Reflection on a visit to the United States Holocaust Memorial Museum : People don’t forget, or do they?

Arthur Conan Doyle once said that “what you do in this world is a matter of no consequence. The question is what can you make people believe you have done.”

My father was barely  three months old when the Japanese occupied his hometown in December 1941.  The older folks will often tell us how they were treated harshly , how they lost their family members and the horrific crimes committed during the Japanese occupation that ended in August 1945.    The elders would always said to us :  “Three years and eight months , remember that girl, Do not forget !”

Later in history lessons, i found out that more than 100,000 were killed in Malaya and Singapore during world war II and most of them were of ethnic Chinese. Chinese was targeted as they were seen to be supporting Republic of China against the Japanese army during the second Sino-Japanese War. I never quite understand why people would allow or commit such a gruesome act to  another human being when I was a child until I studied about powers and political struggles in law school.

In Malaysia, we have the Penang War Museum that exhibits photos and British war relics during the War World II.

I am fortunate enough to be selected as one of the Young Southeast Asian Leaders Initiative (YSEALI) professional fellows (Legislative Process and Governance )for Fall 2017 cohort managed by International City/County Management Association  (ICMA).  So a visit to Unites States Holocaust Memorial Museum was made possible during my orientation in DC.

The museum showcase the beginning and the rise of Hitler, the start and implementation of racial segregation policies/laws in Germany , genocide of Jews and other minorities and the end of the World War II.

Under his regime, state sanctioned discrimination was carried out based on racial doctrine  targeting Jews, minorities ,  gay and people with disabilities which were considered genetically defective/ financial burden to the  “ superior and purest” Aryan” race .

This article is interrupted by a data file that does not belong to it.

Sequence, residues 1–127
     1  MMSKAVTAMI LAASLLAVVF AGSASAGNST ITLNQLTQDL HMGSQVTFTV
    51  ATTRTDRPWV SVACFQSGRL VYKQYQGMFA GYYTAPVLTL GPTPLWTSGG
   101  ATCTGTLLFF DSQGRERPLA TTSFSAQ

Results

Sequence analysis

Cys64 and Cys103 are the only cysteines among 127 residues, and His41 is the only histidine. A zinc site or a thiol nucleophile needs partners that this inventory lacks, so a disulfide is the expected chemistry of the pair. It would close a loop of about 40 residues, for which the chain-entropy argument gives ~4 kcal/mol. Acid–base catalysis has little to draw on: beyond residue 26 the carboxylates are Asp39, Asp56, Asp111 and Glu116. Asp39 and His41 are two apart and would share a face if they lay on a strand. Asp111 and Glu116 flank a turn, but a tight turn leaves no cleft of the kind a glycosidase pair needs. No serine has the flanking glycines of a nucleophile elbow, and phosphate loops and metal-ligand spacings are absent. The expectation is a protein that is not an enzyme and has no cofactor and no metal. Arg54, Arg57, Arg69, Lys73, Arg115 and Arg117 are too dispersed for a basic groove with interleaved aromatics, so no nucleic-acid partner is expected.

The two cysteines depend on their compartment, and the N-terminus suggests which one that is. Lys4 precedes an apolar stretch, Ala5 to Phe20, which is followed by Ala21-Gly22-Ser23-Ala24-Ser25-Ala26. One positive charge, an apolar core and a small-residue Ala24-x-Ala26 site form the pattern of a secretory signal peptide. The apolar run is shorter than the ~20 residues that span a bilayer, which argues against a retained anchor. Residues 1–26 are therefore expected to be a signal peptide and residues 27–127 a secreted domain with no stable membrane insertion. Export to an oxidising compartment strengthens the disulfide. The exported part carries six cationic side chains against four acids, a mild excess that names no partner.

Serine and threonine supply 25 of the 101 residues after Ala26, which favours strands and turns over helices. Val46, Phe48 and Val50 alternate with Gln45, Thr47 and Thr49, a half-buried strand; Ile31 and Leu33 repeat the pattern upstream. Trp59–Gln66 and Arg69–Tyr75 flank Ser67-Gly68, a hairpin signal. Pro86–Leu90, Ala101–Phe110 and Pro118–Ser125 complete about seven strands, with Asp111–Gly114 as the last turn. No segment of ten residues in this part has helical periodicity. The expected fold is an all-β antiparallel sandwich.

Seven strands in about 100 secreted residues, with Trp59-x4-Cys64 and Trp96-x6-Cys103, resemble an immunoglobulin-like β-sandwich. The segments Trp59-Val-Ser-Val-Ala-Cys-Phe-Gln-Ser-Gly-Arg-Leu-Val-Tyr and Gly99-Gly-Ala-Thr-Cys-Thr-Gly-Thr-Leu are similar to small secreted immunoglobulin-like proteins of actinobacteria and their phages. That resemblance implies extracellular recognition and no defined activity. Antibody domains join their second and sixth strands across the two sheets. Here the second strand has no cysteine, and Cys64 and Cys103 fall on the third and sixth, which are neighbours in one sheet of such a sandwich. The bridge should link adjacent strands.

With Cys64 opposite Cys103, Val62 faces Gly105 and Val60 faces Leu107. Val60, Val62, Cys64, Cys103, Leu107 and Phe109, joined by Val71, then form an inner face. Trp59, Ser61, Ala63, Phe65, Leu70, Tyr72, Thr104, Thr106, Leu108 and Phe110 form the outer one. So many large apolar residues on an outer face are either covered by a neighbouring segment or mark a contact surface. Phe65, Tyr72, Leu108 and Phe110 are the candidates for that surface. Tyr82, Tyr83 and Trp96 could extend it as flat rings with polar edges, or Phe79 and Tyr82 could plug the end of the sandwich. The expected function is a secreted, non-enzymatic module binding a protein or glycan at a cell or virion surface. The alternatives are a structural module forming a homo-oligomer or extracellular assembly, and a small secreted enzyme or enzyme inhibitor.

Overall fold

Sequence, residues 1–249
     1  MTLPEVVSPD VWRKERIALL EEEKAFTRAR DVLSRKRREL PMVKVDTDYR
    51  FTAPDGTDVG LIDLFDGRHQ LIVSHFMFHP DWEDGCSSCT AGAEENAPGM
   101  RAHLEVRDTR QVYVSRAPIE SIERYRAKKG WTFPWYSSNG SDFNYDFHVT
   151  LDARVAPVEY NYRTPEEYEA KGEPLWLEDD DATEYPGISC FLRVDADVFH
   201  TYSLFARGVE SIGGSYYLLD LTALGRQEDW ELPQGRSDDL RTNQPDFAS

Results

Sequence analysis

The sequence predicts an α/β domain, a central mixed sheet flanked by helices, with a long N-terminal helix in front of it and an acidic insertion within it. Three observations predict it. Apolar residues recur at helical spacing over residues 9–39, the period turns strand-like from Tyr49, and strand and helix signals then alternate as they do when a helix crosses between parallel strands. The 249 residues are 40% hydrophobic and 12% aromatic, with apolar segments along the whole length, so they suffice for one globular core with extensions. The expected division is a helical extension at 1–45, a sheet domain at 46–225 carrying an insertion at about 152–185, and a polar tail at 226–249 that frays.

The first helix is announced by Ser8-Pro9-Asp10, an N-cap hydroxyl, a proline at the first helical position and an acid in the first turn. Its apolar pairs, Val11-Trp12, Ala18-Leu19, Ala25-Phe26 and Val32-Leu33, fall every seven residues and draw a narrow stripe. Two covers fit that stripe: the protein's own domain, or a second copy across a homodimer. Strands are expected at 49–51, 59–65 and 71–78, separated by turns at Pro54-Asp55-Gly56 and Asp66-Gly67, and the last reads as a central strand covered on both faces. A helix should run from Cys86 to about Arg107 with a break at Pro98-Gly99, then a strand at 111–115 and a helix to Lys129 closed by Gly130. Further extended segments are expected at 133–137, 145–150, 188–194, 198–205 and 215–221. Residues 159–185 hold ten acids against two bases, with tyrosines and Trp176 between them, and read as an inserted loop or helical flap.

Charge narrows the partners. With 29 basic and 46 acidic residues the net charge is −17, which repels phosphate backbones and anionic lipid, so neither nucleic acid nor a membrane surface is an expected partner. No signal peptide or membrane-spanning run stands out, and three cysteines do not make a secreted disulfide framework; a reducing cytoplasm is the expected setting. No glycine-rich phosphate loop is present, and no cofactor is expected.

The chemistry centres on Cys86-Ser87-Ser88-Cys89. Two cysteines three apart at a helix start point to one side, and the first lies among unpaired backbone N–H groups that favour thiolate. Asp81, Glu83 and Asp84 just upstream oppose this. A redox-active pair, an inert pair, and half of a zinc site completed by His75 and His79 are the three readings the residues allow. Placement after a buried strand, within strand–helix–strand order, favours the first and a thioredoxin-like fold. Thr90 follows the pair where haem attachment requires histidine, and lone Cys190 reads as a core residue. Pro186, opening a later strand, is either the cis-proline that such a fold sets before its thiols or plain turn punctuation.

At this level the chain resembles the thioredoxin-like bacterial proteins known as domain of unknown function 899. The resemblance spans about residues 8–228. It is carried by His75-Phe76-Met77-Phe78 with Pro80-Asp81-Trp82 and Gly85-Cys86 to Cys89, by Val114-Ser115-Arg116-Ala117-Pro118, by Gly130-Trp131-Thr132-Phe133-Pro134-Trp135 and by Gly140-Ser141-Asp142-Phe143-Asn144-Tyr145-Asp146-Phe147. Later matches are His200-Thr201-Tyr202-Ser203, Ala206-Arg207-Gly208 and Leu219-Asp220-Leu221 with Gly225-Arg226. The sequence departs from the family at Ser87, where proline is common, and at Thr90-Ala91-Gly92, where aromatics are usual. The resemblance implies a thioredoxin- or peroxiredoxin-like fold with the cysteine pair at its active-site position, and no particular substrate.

As the Nazi gained more popularity, people no longer kept their racism to themselves but it was reflected in their actions.  Jewish businesses were targeted and boycotted. A law was passed to dismiss and prohibit Jews from civil service. German man and women were public humiliated with their association with the Jews . German men were not allowed to marry Jewish women and vice versa. Everything seems justified by the majority and the Nazi Regime even claimed scientific legitimacy based on studies of numerous scientists, publications and (alternative) “facts” that are nothing but big lies.  Now does it some how sound familiar in present  day?

In the end, more than 6 million Jews and other minorities were executed in the Holocaust. The monster Hitler would  be, it was a 1933 Weimar Constitution amendment  passed under a facade democracy that appointed him as the Chancellor and  gave him the power to enact law to without the involvement of the Reichstag (Parliament ) .  In other words, the Nazi’s crimes were perfectly “legal” back then.  Thus, the debate of “Rule of Law” or “Rule by law”, Hart vs Fuller , which brought me back to Jurisprudence class in law school. Should we  blindly execute a law that’s cruel and unjust just because it is the law,  or should we question/challenge it knowing the consequences might be deadly?

The names and photos of those perished were displayed everywhere in the museum .  Not only it is to honour the victims but also set as a reminder to the living . Though you might not be the who is being targeted, there is a constant need to combat and speak up against hatred, racism and injustice even it might still be in its infancy stage and perceived by many to be harmless.

Let’s us  be reminded by history that if we are neutral  when injustice happens, then the side of oppressor, we have chosen.

May Holocaust, in whatever form it may take, never happen again.

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